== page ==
Public Attention, Adverse Selection, and the Pricing of Stocks

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Bank, M., & Peter, G. (2011). Public Attention, Adverse Selection, and the Pricing of Stocks.

Publication type

Working Paper


We hypothesize that the degree of public attention influences the price level of stocks in a systematic way. We employ a simple discounted cash flow model with adverse selection and fixed transaction costs that determine an endogenous bid-ask-spread. In the model, rational and risk neutral investors incorporate future trading conditions into their price setting behavior. These trading conditions are driven by the degree of public attention and entail an attention-dependent impact of the bid-ask-spread on required gross returns. Specifically, given a high level of public attention a higher bid-ask-spread may negatively affect required asset returns. We argue that the model implications are consistent with empirical findings, i.e. size, book-to-market, and the momentum effect.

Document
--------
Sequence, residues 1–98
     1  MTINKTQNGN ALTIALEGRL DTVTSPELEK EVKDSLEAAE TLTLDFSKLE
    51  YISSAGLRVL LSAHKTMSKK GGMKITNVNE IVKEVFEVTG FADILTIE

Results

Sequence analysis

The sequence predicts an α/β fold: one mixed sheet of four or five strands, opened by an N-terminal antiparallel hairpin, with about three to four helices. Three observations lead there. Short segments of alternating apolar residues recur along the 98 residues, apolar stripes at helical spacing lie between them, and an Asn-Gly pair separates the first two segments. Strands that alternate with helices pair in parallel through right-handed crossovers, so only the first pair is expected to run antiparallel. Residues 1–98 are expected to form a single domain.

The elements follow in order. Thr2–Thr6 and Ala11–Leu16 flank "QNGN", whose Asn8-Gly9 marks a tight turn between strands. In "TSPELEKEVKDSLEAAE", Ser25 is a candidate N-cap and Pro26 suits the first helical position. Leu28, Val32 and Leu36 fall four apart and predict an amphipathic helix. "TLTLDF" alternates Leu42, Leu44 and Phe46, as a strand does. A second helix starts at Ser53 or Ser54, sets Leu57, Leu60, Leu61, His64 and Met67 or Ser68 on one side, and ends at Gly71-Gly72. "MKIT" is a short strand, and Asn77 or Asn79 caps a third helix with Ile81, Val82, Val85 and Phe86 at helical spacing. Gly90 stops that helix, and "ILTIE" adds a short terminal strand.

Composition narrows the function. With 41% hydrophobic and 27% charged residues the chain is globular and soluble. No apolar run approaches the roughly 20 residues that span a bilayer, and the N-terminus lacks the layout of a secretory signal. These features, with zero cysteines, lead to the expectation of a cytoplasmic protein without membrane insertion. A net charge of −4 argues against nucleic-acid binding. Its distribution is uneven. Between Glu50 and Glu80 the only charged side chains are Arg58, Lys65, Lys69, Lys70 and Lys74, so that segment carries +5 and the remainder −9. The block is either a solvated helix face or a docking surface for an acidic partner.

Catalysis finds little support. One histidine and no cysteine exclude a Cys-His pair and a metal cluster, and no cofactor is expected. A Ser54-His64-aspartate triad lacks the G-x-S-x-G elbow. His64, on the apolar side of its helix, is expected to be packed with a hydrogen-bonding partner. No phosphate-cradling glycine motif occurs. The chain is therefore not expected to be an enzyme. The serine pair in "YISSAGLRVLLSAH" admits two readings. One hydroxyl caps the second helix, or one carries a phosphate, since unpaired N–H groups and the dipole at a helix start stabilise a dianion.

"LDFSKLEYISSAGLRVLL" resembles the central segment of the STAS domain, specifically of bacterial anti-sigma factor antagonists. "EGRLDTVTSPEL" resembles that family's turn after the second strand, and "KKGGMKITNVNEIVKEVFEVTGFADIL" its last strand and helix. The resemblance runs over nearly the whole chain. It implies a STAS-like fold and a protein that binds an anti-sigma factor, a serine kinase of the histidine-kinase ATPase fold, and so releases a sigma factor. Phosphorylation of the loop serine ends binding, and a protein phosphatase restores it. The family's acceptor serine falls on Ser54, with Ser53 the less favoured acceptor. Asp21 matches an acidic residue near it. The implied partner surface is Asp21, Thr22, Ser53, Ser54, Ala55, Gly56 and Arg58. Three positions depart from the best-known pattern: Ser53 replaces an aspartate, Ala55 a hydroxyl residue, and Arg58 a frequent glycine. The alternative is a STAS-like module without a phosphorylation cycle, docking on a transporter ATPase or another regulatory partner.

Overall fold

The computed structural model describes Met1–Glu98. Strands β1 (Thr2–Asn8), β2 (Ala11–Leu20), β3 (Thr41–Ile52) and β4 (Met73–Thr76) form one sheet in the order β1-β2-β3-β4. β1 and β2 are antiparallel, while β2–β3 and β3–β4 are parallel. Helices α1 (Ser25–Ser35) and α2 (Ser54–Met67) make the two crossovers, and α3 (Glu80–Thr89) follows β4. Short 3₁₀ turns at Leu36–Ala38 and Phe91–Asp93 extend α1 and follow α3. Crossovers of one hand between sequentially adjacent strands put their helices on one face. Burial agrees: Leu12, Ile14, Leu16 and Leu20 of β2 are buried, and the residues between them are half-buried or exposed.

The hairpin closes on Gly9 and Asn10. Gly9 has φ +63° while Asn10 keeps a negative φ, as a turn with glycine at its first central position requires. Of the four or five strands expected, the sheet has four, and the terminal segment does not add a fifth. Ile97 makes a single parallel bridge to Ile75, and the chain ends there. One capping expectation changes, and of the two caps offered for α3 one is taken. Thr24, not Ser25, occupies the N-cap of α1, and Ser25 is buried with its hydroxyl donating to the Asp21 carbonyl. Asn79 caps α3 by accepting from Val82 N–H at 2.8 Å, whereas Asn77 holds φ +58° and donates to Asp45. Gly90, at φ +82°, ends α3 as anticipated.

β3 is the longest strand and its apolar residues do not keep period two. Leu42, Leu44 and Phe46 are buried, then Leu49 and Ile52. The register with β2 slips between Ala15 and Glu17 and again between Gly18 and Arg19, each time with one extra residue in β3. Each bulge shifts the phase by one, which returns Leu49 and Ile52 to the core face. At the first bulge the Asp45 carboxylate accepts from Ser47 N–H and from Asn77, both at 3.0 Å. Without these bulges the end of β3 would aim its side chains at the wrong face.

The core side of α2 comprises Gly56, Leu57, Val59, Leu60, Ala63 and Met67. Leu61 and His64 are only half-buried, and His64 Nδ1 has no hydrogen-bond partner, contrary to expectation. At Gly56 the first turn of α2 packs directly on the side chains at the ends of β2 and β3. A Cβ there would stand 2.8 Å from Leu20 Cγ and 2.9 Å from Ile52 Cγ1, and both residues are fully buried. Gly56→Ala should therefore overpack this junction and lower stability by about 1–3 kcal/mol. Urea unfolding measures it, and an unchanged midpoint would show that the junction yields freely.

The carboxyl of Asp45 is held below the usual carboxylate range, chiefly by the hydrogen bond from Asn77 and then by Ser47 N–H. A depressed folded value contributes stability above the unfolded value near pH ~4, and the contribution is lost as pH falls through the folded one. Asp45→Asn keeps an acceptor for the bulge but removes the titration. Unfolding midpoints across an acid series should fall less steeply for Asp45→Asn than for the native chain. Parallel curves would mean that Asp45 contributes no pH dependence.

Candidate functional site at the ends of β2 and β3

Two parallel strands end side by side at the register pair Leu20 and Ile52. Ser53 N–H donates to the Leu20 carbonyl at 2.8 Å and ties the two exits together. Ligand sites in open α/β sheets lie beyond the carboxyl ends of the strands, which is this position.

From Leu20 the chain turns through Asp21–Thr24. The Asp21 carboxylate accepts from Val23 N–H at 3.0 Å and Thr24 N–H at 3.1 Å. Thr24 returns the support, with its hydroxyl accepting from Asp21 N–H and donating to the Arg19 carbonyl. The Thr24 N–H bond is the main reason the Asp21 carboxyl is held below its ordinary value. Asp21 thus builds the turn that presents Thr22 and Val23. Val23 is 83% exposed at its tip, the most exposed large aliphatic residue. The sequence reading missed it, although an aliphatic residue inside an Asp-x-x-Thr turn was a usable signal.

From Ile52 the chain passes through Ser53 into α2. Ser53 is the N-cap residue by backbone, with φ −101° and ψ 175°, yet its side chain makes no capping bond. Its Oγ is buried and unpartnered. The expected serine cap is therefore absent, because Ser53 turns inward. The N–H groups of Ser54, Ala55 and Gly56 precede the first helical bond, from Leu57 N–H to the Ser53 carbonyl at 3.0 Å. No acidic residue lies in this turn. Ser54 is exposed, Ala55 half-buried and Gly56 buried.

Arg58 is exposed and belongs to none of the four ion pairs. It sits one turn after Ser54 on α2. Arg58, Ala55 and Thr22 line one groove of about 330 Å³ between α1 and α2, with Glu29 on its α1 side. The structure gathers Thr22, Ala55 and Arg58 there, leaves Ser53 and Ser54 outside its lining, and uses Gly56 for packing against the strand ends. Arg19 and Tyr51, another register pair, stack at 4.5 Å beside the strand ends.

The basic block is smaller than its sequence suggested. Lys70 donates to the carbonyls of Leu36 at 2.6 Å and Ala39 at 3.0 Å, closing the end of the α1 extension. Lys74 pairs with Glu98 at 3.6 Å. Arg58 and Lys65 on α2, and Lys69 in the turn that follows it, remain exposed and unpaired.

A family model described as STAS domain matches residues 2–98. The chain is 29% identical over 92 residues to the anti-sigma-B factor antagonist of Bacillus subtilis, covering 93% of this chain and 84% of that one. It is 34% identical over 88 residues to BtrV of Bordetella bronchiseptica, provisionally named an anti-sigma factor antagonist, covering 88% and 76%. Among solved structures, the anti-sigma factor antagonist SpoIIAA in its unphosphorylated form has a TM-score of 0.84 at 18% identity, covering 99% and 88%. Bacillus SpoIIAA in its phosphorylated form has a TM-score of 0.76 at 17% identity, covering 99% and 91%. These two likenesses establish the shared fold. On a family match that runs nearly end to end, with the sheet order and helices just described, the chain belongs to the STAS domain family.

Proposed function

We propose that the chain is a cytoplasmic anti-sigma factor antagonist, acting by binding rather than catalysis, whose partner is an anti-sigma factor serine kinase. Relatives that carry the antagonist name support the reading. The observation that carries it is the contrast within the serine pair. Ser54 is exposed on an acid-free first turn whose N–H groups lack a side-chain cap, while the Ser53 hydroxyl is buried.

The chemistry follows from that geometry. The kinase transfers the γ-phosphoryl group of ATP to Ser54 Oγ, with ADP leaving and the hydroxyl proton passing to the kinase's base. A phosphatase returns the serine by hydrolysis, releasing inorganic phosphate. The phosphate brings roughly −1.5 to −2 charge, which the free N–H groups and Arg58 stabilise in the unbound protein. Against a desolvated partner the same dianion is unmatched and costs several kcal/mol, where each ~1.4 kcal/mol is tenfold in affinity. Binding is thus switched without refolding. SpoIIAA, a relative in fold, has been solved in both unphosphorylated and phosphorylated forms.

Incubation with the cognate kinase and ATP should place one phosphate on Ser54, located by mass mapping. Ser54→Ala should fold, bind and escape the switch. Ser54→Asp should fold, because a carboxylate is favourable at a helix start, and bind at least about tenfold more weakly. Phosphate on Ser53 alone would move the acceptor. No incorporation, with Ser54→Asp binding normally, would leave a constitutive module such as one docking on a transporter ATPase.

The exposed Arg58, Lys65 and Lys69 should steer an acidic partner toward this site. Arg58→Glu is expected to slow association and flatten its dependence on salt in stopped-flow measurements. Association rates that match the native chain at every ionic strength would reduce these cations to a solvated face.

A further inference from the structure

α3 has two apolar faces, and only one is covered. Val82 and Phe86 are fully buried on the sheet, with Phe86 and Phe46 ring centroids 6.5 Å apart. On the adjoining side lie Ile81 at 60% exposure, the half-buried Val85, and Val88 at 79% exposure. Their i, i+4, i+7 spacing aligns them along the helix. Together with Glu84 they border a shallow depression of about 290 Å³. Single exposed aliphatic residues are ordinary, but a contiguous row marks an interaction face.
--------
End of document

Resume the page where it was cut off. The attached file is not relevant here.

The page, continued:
Organizational Units

  • Chair in Business Administration, Banking and Financial Management